I developed a creative solution to my dilemma about how to have time to focus on making work. When I did have full time jobs, I had no energy left at the end of the day to make art. I have a big house and I rent rooms (live-in landlord). I also rent out my studio space from time to time as a shared space – always with the caveat that the person understands the space is a working artist studio.

Hours per week at work:

Mom, full time.
Artist, fluctuates and is dependent on school schedule, generally 20-40 hours/week.
Live-in Landlord, as needed.

Hours per week in studio: 20-40.

Duties or tasks performed at day job:

I maintain my house in a condition that allows me to rotate tenants regularly. Mom duties – you want this list? My daughter is 11 years old and in 5th grade. I go to every school event, every recital, and help her to be a kid. Playing is critical and we get to do that. I teach her how to ride a bike (a passion of mine). She loves to sing and play piano so there are extra lessons for that. You know – mom, taxi driver, coach, laundress, etc.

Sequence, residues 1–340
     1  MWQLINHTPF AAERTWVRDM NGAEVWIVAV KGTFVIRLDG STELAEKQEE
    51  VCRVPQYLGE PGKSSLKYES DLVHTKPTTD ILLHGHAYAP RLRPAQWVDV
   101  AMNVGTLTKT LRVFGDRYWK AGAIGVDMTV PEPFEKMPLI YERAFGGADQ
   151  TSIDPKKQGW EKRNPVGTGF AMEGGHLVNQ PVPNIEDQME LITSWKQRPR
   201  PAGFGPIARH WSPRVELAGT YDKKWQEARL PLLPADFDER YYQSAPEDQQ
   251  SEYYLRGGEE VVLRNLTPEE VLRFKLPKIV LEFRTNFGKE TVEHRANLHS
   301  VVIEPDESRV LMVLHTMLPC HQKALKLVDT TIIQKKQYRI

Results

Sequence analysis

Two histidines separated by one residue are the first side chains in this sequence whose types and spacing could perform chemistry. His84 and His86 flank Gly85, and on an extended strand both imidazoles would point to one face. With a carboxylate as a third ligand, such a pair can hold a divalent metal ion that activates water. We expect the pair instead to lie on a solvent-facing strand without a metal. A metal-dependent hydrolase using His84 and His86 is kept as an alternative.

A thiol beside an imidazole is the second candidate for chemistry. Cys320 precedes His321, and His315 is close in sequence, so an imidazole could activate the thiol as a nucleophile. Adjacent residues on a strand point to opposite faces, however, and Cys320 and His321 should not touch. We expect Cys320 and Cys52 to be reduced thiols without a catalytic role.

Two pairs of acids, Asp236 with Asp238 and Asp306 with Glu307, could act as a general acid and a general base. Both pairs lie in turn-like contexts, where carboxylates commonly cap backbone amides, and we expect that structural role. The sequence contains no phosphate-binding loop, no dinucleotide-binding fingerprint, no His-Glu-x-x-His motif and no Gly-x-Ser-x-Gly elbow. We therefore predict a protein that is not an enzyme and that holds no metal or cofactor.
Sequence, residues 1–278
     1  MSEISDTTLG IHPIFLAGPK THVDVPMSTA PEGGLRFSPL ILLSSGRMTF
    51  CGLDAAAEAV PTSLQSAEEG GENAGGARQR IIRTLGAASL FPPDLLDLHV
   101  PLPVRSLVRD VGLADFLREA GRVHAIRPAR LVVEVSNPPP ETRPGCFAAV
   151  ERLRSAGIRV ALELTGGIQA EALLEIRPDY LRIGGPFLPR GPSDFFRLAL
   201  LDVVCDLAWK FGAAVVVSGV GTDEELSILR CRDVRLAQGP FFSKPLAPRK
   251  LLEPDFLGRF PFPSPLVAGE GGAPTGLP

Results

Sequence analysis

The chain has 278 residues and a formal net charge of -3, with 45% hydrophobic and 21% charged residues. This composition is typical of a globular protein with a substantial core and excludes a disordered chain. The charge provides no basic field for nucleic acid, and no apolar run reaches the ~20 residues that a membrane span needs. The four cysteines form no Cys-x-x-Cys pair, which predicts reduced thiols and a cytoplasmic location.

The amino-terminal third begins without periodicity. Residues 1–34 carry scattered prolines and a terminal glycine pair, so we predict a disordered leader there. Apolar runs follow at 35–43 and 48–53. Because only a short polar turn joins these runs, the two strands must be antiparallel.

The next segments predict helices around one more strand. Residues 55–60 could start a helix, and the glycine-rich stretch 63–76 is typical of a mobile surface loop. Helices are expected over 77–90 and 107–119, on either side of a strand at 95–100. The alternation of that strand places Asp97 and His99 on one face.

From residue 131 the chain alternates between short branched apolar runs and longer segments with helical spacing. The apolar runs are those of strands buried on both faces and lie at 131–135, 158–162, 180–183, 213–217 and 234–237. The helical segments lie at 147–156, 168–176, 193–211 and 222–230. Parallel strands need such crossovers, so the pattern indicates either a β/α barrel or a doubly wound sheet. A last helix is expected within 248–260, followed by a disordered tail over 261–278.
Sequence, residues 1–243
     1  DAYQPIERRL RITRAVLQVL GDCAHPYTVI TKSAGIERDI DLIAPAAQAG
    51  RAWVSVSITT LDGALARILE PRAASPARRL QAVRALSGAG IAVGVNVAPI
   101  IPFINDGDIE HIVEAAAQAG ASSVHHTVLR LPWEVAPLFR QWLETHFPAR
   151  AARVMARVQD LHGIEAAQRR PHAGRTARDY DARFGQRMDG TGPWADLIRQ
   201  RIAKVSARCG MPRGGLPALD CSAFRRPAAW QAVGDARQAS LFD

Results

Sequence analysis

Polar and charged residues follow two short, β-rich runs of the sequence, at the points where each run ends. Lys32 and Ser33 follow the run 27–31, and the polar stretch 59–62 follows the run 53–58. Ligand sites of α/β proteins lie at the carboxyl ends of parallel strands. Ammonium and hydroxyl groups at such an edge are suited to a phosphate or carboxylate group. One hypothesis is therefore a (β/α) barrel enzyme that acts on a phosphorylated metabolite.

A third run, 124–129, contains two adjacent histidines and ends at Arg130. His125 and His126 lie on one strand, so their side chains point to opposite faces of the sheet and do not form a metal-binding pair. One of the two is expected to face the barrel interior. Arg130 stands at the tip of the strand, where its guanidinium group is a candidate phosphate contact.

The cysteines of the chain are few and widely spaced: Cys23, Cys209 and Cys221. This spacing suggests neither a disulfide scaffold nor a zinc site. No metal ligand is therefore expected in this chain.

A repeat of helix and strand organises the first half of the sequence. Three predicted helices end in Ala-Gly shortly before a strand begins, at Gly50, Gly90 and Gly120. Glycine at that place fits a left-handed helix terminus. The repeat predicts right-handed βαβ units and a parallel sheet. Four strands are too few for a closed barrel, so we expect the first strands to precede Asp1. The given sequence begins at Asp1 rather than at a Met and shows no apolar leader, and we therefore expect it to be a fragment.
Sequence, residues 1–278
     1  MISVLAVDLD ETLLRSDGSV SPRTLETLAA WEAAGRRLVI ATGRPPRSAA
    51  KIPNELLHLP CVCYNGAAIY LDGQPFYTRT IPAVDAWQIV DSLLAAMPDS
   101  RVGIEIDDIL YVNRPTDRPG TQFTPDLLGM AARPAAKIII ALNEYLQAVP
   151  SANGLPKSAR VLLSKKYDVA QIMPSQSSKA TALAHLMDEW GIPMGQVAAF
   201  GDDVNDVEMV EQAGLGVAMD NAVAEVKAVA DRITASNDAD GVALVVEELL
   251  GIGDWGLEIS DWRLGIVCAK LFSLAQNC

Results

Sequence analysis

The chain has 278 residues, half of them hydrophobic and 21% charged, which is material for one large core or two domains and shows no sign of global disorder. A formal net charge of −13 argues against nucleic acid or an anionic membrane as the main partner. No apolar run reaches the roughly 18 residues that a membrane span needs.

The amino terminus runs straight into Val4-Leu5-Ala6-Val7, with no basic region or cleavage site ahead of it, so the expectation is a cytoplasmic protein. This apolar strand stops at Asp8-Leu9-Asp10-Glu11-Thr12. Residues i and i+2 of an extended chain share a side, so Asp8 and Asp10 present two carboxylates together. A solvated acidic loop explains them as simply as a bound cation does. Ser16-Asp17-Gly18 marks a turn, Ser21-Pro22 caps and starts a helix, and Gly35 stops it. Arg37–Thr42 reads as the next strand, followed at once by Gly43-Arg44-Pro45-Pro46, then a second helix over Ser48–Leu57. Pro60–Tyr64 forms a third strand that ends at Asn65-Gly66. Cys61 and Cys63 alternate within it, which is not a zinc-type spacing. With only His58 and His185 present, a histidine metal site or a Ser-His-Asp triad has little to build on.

Best thing about your day job:

“You’re the best mom in the world”. She says it almost every day.

How does your day job enhance or detract from your studio practice?

When my daughter was younger and needed more hands on supervision, I had little time to spare in the studio. I had to make work that was quick and easy in order to satisfy my need to create. Now that she is older, she helps me. She modeled some clothes for my most recent show; she has a keen critical ability to look at something and offer feedback, and she loves to help.

Favorite job ever:

Mom. Seriously. Before I dedicated myself to work as an artist, I would have to say the best gig was as a reader for students studying to become court reporters. I had to read out loud at specific cadences (60 wpm (words per minute), up to 340 wpm) so they could practice. I read from real court documents. Some were fairly amusing.

Job you couldn’t wait to leave:

The one with a big engineering firm, once I got a different section chief.